I am not a particularly neat person. I start my semester with a very clean desk, and then just let stuff accumulate. There are piles with HW assignments, scribbles that I made during office hours, random pages from drafts of manuscripts with marked-up edits on them, all interspersed with books that I pulled out to look something up and that are now stacked but misoriented, giving the entire structure a precarious look. Near the end of a busy semester like this one, I have several piles on my giant ∏-shaped desk, and each is about a foot tall. After the semester ends, which to me equals having turned in my final grades, I go through a cleansing half-day ritual. I thoroughly tidy up my office, reshelve all my books, file all loose homework assignments and solution write-ups, and recycle uncollected student exams and various printouts.
During the semester, I will occasionally have a student during office hours who comments disparagingly on my clutter. The student who scolds me thrives on order. It’s always a he, and he is immaculately shaven and very neat. He has so far always either been an athlete or someone on a military scholarship. I bet my piles of paper are really jarring to someone who really needs control over the physical objects in his life. I had one student offer to clean the dry-erase-marker finger smudges on the wall near the white board in my office (I have many people in office hours and many peruse the board).
I don’t mind the clutter, it does not bother me when I work. The height of my piles measures the passage of time and my overall level of exhaustion. My office looks as disheveled as I feel. My desk is my own picture of Dorian Grey.
Yet, I am an anally retentive monster when it comes to my work and particularly to the neatness of my math. It drives me bananas when students (yes, those who comment on my piles are also guilty of this sin) forget to write the limits of definite integrals or what the integration variable is; when they lose minuses, twos, and π’s; when the expressions are written in these ugly, far-from-compact forms. As any of my grad students will also tell you, I am nitpicky about how our figures look, how our research papers are structured and written, and how group conference presentations flow. (As my publisher Melanie of Annorlunda Books can vouch, I am not at all laid back when it comes to choosing font combinations, either).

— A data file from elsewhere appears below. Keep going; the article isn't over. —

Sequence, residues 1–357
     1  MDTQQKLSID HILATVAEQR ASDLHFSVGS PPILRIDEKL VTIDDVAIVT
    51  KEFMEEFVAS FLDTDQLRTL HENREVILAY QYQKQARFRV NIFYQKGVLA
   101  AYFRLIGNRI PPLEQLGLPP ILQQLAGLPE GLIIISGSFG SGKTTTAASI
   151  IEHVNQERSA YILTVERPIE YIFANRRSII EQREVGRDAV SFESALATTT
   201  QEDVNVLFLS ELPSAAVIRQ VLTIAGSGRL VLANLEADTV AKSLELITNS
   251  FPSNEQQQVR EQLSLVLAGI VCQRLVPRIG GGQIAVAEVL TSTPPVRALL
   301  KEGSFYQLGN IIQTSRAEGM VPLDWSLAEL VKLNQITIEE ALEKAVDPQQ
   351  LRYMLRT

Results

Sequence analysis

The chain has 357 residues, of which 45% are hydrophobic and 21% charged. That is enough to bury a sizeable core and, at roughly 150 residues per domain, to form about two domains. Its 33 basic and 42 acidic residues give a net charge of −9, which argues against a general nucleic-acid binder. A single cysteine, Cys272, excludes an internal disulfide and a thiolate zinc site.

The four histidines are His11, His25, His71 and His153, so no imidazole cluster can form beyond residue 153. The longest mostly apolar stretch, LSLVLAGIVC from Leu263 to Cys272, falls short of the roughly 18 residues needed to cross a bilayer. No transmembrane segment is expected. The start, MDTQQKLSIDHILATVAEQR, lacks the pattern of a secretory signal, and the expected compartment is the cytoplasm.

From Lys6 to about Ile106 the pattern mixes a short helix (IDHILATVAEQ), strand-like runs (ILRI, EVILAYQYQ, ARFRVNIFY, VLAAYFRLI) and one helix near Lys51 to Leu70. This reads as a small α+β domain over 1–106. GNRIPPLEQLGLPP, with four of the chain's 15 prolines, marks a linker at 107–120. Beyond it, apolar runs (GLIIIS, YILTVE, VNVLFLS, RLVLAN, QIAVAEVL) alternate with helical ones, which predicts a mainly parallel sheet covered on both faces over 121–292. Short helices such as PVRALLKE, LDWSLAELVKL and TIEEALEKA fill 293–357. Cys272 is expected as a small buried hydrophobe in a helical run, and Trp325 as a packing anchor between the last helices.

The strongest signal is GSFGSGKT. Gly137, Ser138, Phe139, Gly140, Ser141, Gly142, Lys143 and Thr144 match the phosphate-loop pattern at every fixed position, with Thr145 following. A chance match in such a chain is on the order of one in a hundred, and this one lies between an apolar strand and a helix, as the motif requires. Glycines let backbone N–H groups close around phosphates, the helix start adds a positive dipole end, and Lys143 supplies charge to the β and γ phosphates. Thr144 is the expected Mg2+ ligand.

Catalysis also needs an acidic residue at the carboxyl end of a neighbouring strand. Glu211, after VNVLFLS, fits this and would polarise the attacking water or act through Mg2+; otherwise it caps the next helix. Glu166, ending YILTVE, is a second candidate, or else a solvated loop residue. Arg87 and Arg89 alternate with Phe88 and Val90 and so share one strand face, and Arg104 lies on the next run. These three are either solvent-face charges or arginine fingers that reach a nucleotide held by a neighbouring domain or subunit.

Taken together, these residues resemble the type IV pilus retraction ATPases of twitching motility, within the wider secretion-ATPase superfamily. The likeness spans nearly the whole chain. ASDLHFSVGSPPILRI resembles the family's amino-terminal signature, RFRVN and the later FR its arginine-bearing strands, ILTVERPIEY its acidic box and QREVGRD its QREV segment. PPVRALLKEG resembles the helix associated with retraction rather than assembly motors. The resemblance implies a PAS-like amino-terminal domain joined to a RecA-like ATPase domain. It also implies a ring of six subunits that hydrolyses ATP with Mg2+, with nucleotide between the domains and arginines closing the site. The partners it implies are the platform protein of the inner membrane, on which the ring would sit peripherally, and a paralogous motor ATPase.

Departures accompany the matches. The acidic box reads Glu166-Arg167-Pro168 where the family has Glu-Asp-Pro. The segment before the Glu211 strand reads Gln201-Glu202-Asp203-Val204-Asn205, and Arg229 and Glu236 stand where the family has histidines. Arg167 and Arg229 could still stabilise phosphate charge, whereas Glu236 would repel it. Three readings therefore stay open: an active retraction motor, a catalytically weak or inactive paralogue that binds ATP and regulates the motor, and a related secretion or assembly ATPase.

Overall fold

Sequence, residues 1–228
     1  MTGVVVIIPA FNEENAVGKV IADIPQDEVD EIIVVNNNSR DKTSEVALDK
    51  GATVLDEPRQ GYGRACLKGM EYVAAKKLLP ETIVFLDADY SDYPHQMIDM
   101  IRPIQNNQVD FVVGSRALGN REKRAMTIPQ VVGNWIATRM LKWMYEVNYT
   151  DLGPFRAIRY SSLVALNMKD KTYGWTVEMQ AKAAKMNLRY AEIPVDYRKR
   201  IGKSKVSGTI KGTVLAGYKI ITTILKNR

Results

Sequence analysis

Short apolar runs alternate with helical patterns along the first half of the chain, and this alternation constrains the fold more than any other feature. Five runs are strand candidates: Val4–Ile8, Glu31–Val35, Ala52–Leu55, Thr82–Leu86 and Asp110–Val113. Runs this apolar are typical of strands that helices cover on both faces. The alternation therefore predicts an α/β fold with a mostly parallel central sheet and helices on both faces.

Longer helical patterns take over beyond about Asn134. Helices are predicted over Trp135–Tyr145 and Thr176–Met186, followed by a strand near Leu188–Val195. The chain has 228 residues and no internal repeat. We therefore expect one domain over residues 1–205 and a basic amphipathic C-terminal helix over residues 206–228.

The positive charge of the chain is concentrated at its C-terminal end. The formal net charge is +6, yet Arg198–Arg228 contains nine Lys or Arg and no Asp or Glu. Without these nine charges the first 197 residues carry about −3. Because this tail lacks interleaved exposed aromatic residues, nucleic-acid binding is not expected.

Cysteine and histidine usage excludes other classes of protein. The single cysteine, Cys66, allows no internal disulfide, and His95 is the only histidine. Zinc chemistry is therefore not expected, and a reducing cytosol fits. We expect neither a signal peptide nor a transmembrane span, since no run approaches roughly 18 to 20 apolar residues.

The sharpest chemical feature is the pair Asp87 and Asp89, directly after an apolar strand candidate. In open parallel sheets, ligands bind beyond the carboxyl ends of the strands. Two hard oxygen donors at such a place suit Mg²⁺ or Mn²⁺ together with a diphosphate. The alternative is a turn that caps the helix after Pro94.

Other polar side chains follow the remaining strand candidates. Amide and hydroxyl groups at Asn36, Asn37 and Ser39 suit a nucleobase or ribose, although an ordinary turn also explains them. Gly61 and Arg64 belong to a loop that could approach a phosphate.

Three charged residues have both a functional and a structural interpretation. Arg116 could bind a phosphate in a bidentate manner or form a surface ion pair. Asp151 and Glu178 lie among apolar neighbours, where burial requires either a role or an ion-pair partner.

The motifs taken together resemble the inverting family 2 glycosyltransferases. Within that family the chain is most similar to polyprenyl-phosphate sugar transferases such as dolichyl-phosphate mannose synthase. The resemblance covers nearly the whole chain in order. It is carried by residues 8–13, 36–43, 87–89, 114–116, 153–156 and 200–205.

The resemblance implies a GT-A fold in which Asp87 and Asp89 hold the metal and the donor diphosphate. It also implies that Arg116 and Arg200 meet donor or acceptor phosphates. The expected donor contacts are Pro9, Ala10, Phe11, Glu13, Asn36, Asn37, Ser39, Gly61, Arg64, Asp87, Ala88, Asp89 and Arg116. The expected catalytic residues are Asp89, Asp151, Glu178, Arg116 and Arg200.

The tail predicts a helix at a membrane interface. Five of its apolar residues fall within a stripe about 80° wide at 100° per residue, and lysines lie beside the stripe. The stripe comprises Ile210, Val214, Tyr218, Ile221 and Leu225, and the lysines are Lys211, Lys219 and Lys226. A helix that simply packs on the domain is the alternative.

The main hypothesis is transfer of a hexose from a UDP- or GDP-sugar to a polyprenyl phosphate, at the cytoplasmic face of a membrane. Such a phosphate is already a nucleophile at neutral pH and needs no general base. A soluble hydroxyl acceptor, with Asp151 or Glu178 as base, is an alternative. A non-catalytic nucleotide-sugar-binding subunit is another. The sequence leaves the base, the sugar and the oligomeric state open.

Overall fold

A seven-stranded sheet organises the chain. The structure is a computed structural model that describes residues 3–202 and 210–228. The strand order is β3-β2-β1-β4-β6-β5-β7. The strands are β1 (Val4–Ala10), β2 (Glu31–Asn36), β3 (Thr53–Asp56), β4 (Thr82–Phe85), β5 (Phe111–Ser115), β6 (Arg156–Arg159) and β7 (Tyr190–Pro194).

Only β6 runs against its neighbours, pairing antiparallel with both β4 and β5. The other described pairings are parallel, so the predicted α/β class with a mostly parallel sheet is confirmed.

There’s physical clutter and there’s mental clutter. I guess people are better able to tolerate one or the other.
Which brings me to an interesting conversation that I had with one of my order-appreciating, hierarchically minded students.
There is some nonuniformity between different offerings of certain courses in the department, especially the low-level ones that a sizable roster of faculty teach. I don’t think this is anything unusual or specific to my department or school. The student was lamenting over it and basically said that he though we should all somehow be made to teach the course the exact same way by the higher-ups.
The thing is that faculty at most research institutions (and likely at other types of institutions, as well) would not take kindly to being micromanaged this way. In STEM fields, at least, all of us would earn much more in industry, and we are here because we want the freedom to be our own bosses, in control of our own research and teaching. There is no way some attempt to centrally micromanage teaching would fare well among my colleagues (and we have no resources to enforce anything anyway). If you want great teaching quality, uniformity, or whatever else, you need to have faculty buy in willingly; if you squeeze too much, the good people will simply go to other institutions.
I didn’t convey this to the student when we chatted, but perhaps I should have. Not everything can be fixed top-down. Some things get broken when you try.